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Archive for the ‘RS | cosmetic surgery’ Category

Medical tourism is a growing trend when it comes to plastic and cosmetic surgery. Some Americans believe that they can get the same cosmetic procedures for a lower cost outside the U.S.

Brazil, Chile, Venezuela and Colombia are the most popular destinations among American medical tourists. An interesting fact: some of the better surgeons were actually trained in Cuba. There are a lot of excellent doctors in Latin America and the equipment they use is often comparable to that available in the laser clinics in the U.S. You just have to do your own research to avoid complications.

Importance needs to be placed on researching the doctor’s credentials and experience because you want a doctor who is qualified and will take good care of you. As far as the cost… These days you can get excellent deals within a reasonable driving distance from your home. Plastic surgeons and medical spas in the U.S. is a very saturated business. There is a lot of competition and a lot of top notch experts in both surgical and non-invasive procedures. Give them a chance at a free consult before you board an airplane! Guess where the Swiss are going to save money on cosmetic surgery? The U.S.!

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  • Filed under: Market | consumers, RS | cosmetic surgery
  • Do Your Homework Before Cosmetic Surgery

    I can’t agree more with Dr Christian Jessen in London, who is sad to say that the age of blind trust in your doctor is over: patients must take some responsibility and do their homework before committing to any invasive cosmetic surgery.

    Read the Warning: Women who look more Crimewatch than Baywatch are being promised miracles.

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  • Filed under: Laser Clinics, RS | cosmetic surgery
  • Treating colored skin poses difficulties, as many practitioners have experienced. Dr Mukta Sachdev says good technique hinges on good pre-, intra- and post-operative care and choice of patient.

    Colored skin has the tendency to hyperpigment following trauma, so in the wake of procedures such as lasers, chemical peels or microdermabrasion, there is a chance that hyperpigmentation will occur at the treatment site. This post-inflammatory hyperpigmentation is a common adverse event in darker skin. According to one expert, maximising the success of an aesthetic procedure can be better achieved if the proper pre-, intra- and post-operative precautions are taken. Dr Mukta Sachdev, a consultant dermatologist at the Manipal Hospital in Bangalore, India, says that treating coloured skin can be particularly challenging, even for the most experienced cosmetic physician. “In India we have found that the patients do not use sunscreens as much as they should, as compared with the West, and Indian people are simply not aware of the benefits of these creams. The cosmetic implications—especially in darker skin—is that following a procedure, such as laser or microdermabrasion, the risks of hyperpigmentation will increase,” Dr Sachdev says.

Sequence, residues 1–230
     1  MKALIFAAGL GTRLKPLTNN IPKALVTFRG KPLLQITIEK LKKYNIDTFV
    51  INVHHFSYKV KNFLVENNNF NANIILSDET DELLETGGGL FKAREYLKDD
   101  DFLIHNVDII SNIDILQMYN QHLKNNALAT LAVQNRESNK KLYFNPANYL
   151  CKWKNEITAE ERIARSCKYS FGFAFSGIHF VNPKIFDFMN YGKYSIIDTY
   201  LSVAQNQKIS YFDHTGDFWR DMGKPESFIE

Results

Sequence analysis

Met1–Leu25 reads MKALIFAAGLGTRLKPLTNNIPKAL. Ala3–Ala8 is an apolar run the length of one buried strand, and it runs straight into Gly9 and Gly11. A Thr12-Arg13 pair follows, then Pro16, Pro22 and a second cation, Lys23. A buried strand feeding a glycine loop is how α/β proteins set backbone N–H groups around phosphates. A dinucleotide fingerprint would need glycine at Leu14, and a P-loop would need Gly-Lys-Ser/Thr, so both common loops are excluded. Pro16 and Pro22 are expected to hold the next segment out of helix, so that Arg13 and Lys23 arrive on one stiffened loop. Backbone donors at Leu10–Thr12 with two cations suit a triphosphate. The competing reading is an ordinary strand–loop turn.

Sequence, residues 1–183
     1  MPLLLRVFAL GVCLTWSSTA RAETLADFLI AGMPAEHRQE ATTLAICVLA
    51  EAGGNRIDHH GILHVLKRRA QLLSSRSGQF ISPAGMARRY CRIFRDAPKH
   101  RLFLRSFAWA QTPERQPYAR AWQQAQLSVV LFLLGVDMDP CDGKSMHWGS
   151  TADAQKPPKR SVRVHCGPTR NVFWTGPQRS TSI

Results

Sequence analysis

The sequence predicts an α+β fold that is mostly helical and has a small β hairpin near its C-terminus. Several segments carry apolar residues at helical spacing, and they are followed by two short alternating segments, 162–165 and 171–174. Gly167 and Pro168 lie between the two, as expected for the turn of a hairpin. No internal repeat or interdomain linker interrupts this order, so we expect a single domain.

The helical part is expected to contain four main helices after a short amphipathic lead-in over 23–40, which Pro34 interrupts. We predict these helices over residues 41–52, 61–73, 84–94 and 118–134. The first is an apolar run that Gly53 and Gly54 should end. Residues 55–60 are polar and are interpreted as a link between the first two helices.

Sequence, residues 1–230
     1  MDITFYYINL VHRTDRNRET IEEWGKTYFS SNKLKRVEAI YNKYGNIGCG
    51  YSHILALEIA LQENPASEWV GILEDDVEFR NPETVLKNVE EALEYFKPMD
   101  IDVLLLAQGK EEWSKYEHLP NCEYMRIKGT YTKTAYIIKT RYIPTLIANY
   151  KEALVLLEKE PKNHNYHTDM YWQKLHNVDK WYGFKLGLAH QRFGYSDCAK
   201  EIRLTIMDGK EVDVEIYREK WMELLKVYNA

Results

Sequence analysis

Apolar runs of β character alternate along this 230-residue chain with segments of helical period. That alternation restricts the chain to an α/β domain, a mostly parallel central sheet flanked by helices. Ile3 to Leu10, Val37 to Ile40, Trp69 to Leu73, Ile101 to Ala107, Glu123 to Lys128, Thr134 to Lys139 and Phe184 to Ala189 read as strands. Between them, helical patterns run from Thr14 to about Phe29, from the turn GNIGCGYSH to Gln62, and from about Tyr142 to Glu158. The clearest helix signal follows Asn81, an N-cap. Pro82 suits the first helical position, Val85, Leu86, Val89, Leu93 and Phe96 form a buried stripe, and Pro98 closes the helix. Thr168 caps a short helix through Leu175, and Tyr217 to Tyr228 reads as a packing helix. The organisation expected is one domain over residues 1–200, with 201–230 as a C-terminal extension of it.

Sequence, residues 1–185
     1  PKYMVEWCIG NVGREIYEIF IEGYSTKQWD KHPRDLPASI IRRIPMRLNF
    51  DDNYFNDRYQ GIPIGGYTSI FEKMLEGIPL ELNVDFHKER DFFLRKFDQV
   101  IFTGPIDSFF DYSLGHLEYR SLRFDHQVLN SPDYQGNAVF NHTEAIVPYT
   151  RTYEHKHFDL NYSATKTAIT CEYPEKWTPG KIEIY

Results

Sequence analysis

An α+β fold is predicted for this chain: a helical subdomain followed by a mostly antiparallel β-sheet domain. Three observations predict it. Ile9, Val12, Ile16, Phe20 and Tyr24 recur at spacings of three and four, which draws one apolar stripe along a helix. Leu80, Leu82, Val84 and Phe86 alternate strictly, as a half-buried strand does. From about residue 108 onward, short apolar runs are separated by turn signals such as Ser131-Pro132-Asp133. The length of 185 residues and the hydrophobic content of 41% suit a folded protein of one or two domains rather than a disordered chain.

According to Dr Sachdev, the use of sunscreens is mandatory before cosmetic procedures, and the patient should get into the habit of using these two to three times a day, at least 14 days prior to procedures. This gets the patient into the habit of using them, and they help in preventing unwanted hyperpigmentation post-procedure. Dermal filler procedures are also a common cause of post-inflammatory hyperpigmentation. Dr Sachdev says that perhaps a normal Caucasian skin might tolerate a Restylane or Perlane filler very well in terms of decreased risk of developing a post-procedural hyperpigmentation. However, in a darker skin, skin types IV to VI, patients can frequently have a pigmentation of the injection puncture wound where the filler was introduced into the skin.

    See post-op and other recommended skin care.

    You get what you pay for – an old saying with 100% accuracy – applies as usual.

    There have been many incidences in the media of late with reference to botched cosmetic surgery procedures and 9 times out of ten this seems to stem from paying too little and using unscrupulous practitioners who prey on the uniformed and the gullible.

    Nothing against cosmetic dentists offering dermal fillers and simple laser treatments, but you should be very thorough in checking his background if he offers to perform breast augmentation surgery.

    It really is crucial that you research any prospective cosmetic surgeon to ensure you will receive the best quality surgery and aftercare. You cannot guarantee this with a surgeon who is not accredited as they don’t have the strict regulation of association members.

    These days, there are so many excellent non-invasive treatments, such as dermal fillers and/or laser treatments, and consumers should consider those first and well before taking the risks of any cosmetic surgery. Non-invasive procedures are effective, require minimum downtime if any, and can be safely done by a wide range of medical professionals.

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  • Filed under: Risk & Safety, RS | cosmetic surgery
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